in ¬rst-century ce Alexandria, who was familiar with alphabetisation from
his other lexical and philological activities (as also was Galen of course); but,
despite Galen™s implication to the contrary, it is unlikely that he was the
¬rst to apply the kata stoicheion arrangement to medical materials. Hip-
pocratic lexicography had long co-existed with pharmacological writing
among the Herophileans in Hellenistic Alexandria, so the possibilities of
cross-over were certainly present earlier, and the Suda reports that Bolus
of Mendes™ late third- or early second-century bce work on the sympa-
thies and antipathies of stones was ordered kata stoicheion.37 Moreover, the
author of one of the most important ancient collections of medical materi-
als, Dioscorides of Anazarbus, suggests that alphabetisation was reasonably
common among his more immediate predecessors, those who worked in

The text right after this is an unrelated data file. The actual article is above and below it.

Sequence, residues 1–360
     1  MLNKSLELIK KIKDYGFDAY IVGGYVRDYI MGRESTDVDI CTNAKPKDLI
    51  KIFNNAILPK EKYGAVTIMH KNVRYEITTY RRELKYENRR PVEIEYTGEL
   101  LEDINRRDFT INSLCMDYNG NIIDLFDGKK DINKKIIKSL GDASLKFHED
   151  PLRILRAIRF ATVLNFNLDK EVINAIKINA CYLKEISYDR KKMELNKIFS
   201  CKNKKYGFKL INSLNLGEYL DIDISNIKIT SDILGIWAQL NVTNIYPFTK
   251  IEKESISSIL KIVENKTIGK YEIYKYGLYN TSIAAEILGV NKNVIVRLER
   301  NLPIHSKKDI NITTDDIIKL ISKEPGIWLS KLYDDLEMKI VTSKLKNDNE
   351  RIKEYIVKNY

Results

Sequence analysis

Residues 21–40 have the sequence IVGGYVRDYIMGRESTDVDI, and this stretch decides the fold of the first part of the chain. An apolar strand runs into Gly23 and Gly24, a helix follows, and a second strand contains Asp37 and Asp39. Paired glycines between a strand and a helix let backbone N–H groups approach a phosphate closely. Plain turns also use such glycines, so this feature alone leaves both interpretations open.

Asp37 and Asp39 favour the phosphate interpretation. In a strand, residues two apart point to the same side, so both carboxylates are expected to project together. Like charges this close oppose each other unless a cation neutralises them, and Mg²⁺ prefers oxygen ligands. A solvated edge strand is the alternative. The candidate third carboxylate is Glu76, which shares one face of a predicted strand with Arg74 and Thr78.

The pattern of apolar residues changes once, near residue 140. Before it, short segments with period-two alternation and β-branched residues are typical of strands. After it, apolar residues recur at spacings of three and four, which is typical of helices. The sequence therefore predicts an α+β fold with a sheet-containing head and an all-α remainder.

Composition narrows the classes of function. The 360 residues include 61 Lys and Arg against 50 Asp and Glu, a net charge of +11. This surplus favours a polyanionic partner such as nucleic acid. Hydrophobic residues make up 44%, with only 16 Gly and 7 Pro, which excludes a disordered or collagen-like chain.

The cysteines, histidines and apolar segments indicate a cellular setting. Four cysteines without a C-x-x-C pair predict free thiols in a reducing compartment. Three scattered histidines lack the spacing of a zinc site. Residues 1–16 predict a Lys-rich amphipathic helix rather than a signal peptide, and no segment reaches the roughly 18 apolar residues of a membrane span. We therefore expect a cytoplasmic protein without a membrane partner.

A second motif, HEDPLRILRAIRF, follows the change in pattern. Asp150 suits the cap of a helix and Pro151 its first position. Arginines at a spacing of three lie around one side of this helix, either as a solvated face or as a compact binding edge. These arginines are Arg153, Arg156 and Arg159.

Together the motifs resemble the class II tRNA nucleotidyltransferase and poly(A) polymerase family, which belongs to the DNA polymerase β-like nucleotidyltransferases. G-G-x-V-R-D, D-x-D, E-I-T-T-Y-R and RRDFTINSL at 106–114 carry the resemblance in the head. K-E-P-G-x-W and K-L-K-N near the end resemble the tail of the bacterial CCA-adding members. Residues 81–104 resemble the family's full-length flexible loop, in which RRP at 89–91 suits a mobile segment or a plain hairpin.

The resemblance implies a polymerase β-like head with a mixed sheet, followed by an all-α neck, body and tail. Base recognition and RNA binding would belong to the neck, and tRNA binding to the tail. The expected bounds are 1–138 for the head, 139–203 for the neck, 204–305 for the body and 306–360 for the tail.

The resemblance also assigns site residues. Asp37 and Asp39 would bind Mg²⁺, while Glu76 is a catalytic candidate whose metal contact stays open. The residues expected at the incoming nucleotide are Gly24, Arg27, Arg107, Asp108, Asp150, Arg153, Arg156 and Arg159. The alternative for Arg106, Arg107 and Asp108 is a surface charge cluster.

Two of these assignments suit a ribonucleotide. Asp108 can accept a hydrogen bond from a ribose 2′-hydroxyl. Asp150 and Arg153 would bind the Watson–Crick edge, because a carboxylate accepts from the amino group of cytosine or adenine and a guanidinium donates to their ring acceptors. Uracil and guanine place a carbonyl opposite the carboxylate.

the earlier part of the ¬rst century ce; a view supported by the structure of
parts of the Natural history of Pliny the Elder.
In outlining how his work will surpass its predecessors in terms of cov-
erage, accuracy, reliability, precision and order, Dioscorides alleges:
Mistakes were also made in the organisation of their material [i.e., that of Sextius
Niger and the rest], some throwing together incompatible properties, others using
a kata stoicheion arrangement which splits off genera and properties from what
most resembles them. The result is almost impossible to memorise as a whole.38
34 Scrib. Comp. 163“271.
35 On Archigenes see Fabricius (1972) 198“9; and on Mantias see Gal. SMT 6 pr. (xi 795 K) and von
Staden (1989) 515“18.
36 Gal. SMT 6 pr. (xi 792 K).
37 Von Staden (1989) 445“62 on the Herophileans; Suda s.v. Bˆ los Mendˆsios; and see for recent
o e
discussion of the problems with Bolus™ dates and output, Dickie (1999).
38 Dioscorides, De materia medica pr. 3 (i 2.11“15) (Wellmann (ed.) (1906“14)).
Galen™s imperial order of knowledge 255
Sextius Niger was a Roman citizen who composed medical texts in Greek
in the ¬rst decades of the ¬rst century ce, and ˜the rest™ are presumably
his colleagues among the ˜neoi™, the recent writers on the subject who,